Most of the literature regarding the importance of accurately and efficiently differentiating neuropsychiatric symptoms as secondary to medical conditions or as a primary psychiatric illnesses is found in the emergency department setting. It has been reported that 6 to 12% of patients presenting to the emergency department have psychiatric complaints or behavioral disturbances.1,2 Patients with psychiatric or behavioral disturbances are generally “medically cleared” prior to transfer to psychiatric care.2 Assessing if a patient is “medically cleared” helps to identify medical illnesses that could cause or contribute to psychiatric or behavioral symptoms which may make treatment at a psychiatric facility inappropriate or even dangerous.2 Appropriate treatment in the emergency department setting, therefore, may prevent morbidity and mortality associated with misdiagnosing of a medical illness as a psychiatric illness and from improper treatment of psychiatric illnesses.2 When psychiatric, neurologic, or behavioral manifestations are secondary to medical conditions, the focus of treatment should be on the underlying condition.3 This can be said for any kind of signs or symptoms – rarely is a single or set of signs or symptoms addressed without an evaluation for the underlying root cause. Symptomatic treatment of the neuropsychiatric manifestations, however, should not be overlooked and should run parallel to the primary condition.3 

To help identify a primary psychiatric illness compared to symptoms secondary to a medical illness, several factors that may assist in clarifying diagnosis include a focus on cognitive versus somatic symptoms, identification of personal or family history of psychiatric illness and response to treatment, careful neurologic exam emphasizing cognitive and mental status exam as part of the physical exam, and an understanding that a psychiatric diagnosis is not purely a diagnosis of exclusion of medical illnesses.3 Features suggesting that psychiatric symptoms are secondary to a medical illness include an abrupt onset with no known or readily recognizable precipitants, a temporal association with onset, worsening, or remission of the psychiatric symptoms concurrent with the medical illness, and the presence of atypical features.3,4 Additionally, the absence of a personal or family history of psychiatric diagnosis, late onset of new behavioral symptoms, obvious systemic disease, evidence of increased intracranial pressure, nonauditory hallucinations, use of psychoactive or centrally-acting medications, the occurrence of autonomic dysfunction with good premorbid function, and treatment resistance further suggest a medical origin.4 Though routine laboratory testing of all psychiatric patients presenting to the emergency department has not been supported in the literature, it is suggested that a complete history (including a detailed medication history) and physical exam with a full set of vital signs may be sufficient to exclude medical reasons for symptom presentation.1,2,5 Further laboratory and ancillary testing may be guided by the obtained information.1,2,5 Obtaining information directly from the patient may be, at times, difficult to obtain, therefore, collateral history from bystanders, family, friends, caregivers, health care professionals, law enforcement, paramedics, etc. is important.2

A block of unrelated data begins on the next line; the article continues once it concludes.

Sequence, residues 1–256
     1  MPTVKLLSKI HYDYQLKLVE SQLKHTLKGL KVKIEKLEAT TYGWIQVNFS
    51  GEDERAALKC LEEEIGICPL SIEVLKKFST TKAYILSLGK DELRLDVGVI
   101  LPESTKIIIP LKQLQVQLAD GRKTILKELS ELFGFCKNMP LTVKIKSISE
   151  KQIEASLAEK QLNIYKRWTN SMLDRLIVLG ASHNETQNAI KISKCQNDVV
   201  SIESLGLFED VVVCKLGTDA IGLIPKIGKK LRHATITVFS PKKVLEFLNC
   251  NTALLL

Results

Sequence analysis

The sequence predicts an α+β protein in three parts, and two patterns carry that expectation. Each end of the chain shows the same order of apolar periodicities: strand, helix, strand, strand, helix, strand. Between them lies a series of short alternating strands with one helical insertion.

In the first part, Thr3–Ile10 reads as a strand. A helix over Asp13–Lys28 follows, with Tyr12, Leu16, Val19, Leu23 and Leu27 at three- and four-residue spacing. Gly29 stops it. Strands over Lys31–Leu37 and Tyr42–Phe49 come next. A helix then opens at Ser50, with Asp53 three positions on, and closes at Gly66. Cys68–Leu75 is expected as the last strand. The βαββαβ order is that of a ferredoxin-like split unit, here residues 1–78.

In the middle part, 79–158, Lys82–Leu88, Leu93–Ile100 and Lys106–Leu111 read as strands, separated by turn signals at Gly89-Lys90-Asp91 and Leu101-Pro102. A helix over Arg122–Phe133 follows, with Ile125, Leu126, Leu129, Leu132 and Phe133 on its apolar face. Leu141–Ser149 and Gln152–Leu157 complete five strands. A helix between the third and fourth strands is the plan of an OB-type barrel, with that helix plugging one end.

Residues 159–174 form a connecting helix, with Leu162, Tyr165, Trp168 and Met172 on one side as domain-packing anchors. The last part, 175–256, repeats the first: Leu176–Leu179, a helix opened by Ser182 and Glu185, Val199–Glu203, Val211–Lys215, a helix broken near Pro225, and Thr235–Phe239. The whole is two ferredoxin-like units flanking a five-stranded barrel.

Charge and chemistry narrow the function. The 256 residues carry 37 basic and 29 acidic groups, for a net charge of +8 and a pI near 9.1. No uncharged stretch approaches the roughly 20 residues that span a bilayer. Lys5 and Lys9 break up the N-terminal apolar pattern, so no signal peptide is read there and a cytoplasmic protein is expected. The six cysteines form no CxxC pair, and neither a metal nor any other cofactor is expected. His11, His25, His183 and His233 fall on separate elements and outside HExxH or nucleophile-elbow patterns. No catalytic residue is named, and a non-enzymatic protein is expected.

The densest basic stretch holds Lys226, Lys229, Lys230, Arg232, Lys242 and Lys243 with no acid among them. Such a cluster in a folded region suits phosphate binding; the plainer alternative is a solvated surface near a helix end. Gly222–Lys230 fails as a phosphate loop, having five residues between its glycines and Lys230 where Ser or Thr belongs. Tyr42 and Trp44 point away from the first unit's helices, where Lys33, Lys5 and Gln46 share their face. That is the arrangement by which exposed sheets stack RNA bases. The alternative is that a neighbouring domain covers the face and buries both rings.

Illnesses that may be commonly known to be associated with psychiatric symptoms are presented in Table 1. Increasing awareness and understanding of neuropsychiatric symptoms and adverse effects (and subsequently, management) may lead to more appropriate therapy choices or management and improved patient care. Additionally, comorbid medical illnesses may have implications on psychotropic medication selection. This issue of the Mental Health Clinician highlights psychiatric and neurologic manifestations of medical illnesses or those adverse effects secondary to medications.

Table 1.

Medical illness considerations in psychiatric diagnoses

Medical illness considerations in psychiatric diagnoses
Medical illness considerations in psychiatric diagnoses
1.
Szpakowicz
M
,
Herd
A.
“Medically cleared”: how well are patients with psychiatric presentations examined by emergency physicians?
.
J Emerg Med
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2008
;
35
(
4
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369
72
. .
2.
Sood
TR
,
Mcstay
CM.
Evaluation of the psychiatric patient
.
Emerg Med Clin N Am
.
2009
;
27
(
4
):
669
83
,
ix
. .
3.
O' Brien
RF
,
Kifuji
K
,
Summergrad
P.
Medical conditions and psychiatric manifestations
.
Adolesc Med
.
2006
;
17
:
49
77
.
4.
Talbot-Stern
JK
,
Green
T
,
Royle
TJ.
Psychiatric manifestations of systemic illness
.
Emerg Med Clin North Am
.
2000
;
18
(
2
):
199
209
,
vii
viii
.
PubMed PMID: 10767878
.
5.
Janiak
BD
,
Atteberry
S.
Medical clearance of the psychiatric patient in the emergency department
.
J Emerg Med
.
2012
;
43
(
5
):
866
70
. .